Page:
Etymology
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plane (n.1)

"flat surface, simplest of all geometrical surfaces," c. 1600, from Latin planum "flat surface, plane, level, plain," noun use of neuter of adjective planus "flat, level, even, plain, clear," from PIE *pla-no- (source also of Lithuanian plonas "thin;" Celtic *lanon "plain;" perhaps also Greek pelanos "sacrificial cake, a mixture offered to the gods, offering (of meal, honey, and oil) poured or spread"), suffixed form of root *pele- (2) "flat; to spread."

Introduced (perhaps by influence of French plan in this sense) to differentiate the geometrical senses from plain, which in mid-16c. English also meant "geometric plane." The figurative sense, in reference to inanimate things, is attested from 1850.

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plane (n.2)
1908, short for aeroplane (see airplane).
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plane (n.3)

"tool for smoothing surfaces," mid-14c., from Old French plane, earlier plaine (14c.) and directly from Late Latin plana, back-formation from planare "make level," from Latin planus "level, flat, smooth" (from PIE root *pele- (2) "flat; to spread").

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plane (n.4)

"tree of the genus Platanus," native to Persia and the Levant, late 14c., from Old French plane, earlier plasne (14c.), from Latin platanus, from Greek platanos, earlier platanistos "plane tree," a species from Asia Minor, associated with platys "broad" (from PIE root *plat- "to spread") in reference to its leaves. Applied since 1778 in Scotland and northern England to the "sycamore" maple (mock-plane), whose leaves somewhat resemble those of the true plane tree. Compare sycamore.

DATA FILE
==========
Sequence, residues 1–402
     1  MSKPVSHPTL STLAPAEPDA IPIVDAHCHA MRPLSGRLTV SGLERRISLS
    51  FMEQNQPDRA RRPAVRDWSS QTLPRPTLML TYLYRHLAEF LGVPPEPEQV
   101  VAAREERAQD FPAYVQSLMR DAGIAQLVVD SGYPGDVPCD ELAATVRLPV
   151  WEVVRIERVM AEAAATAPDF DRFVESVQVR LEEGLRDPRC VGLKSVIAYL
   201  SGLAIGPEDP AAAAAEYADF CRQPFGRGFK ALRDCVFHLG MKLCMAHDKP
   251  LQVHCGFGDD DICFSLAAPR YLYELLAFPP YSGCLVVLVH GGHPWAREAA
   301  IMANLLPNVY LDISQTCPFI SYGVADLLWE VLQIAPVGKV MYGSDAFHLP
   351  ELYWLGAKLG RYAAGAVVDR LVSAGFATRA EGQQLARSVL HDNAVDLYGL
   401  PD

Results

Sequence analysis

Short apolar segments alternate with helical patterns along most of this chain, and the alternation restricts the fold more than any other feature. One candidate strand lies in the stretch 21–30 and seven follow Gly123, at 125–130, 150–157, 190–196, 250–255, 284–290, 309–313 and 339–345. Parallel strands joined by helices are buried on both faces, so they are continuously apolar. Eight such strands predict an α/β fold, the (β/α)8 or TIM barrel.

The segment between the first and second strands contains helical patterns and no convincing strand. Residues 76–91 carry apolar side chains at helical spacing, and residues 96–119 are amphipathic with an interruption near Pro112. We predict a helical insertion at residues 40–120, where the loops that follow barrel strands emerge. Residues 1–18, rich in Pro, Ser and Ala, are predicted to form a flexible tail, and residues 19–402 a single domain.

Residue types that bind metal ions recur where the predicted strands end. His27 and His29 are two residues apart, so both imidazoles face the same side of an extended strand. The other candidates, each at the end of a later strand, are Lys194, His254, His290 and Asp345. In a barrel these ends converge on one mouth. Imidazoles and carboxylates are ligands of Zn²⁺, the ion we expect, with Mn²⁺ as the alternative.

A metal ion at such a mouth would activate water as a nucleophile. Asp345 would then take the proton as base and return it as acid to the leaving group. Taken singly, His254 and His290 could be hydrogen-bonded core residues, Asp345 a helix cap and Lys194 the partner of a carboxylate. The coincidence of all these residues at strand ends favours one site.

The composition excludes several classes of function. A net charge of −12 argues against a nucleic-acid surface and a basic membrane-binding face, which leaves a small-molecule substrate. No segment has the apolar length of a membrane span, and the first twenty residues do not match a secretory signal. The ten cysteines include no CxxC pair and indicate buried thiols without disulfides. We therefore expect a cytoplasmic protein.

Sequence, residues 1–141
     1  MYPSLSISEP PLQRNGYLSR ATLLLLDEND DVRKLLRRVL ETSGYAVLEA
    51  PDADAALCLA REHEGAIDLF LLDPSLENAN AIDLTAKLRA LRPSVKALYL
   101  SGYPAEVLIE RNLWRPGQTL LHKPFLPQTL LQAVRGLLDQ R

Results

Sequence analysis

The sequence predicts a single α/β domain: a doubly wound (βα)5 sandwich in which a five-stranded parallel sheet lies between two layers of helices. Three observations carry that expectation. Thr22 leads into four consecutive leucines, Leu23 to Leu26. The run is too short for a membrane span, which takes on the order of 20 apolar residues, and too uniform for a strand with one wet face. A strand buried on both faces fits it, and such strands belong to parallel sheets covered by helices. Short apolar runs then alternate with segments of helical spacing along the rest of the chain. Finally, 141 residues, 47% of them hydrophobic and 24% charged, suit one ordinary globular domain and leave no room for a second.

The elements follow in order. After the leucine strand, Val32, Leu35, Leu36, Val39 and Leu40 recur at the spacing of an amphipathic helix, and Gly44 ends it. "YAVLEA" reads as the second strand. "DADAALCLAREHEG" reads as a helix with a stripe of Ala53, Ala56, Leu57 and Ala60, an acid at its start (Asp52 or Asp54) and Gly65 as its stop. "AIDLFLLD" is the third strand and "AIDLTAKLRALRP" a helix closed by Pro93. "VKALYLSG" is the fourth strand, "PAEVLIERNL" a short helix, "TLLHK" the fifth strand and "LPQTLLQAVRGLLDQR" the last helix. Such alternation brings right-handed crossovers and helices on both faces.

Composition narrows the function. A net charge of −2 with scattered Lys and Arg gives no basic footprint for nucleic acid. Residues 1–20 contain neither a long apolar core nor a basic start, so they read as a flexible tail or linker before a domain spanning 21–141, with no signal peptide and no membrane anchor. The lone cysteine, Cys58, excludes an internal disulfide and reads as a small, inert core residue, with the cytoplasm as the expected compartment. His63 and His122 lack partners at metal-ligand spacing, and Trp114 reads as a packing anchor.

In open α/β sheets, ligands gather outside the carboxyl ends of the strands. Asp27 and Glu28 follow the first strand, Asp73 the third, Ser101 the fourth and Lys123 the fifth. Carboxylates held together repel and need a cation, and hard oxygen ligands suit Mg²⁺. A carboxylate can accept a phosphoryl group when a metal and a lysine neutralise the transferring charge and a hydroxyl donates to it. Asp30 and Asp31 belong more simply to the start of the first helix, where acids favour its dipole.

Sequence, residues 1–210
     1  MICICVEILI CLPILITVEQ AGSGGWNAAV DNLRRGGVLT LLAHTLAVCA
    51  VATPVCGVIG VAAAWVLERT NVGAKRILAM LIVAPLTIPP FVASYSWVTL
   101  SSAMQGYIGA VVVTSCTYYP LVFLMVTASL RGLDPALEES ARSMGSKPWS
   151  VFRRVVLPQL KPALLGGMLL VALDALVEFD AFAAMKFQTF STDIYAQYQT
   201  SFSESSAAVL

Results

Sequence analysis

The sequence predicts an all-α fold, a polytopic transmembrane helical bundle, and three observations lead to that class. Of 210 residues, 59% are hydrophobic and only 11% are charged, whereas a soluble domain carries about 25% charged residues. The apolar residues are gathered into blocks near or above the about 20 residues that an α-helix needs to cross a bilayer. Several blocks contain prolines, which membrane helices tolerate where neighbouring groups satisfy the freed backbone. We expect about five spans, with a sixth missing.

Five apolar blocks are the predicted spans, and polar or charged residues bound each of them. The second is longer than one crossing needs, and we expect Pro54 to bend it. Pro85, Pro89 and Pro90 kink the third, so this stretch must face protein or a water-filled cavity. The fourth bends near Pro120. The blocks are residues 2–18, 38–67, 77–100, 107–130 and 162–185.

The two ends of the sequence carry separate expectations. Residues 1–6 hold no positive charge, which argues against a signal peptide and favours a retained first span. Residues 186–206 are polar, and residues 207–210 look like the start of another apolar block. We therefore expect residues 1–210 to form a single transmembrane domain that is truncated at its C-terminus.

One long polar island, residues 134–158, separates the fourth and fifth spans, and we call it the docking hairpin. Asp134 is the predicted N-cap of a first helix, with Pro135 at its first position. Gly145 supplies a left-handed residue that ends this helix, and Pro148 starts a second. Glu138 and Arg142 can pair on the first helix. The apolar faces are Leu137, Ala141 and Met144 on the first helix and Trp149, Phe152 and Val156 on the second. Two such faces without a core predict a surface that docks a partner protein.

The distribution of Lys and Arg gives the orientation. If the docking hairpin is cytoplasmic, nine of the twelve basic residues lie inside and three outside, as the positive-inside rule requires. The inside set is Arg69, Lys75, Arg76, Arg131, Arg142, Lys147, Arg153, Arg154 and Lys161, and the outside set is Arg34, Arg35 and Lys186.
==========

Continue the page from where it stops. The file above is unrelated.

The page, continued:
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plane (v.1)

"to make smooth," early 14c., originally in a figurative sense, "to gloss over, explain away;" mid-14c. as "to make smooth or even" (especially by use of a plane (n.3)), from Old French planer "to smooth, level off; wipe away, erase" (12c.) and directly from Late Latin planare "make level," from Latin planus "level, flat" (from PIE root *pele- (2) "flat; to spread"). In early use in English often plain. Related: Planed; planing.

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plane (v.2)

"soar, glide on motionless wings," early 15c., planen, from Old French planer "to hover (as a bird), to lie flat," from plan (n.) "plane," or perhaps via Medieval Latin; in either case from Latin planum "flat surface" (from PIE root *pele- (2) "flat; to spread"), on notion of bird gliding with flattened wings. Of boats, etc., "to skim over the surface of water," it is attested by 1913. Related: Planed; planing.

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plane (adj.)

"having the characteristics of a plane," 1560s, from French plan, from Latin planus "flat, level, even" (see plane (n.1)).

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planeness (n.)

"quality or condition of being flat or level," 1650s, from plane (adj.) + -ness.

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emplane (v.)

"to go or put on board an airplane," 1923, from em- (1) + plane (n.2).

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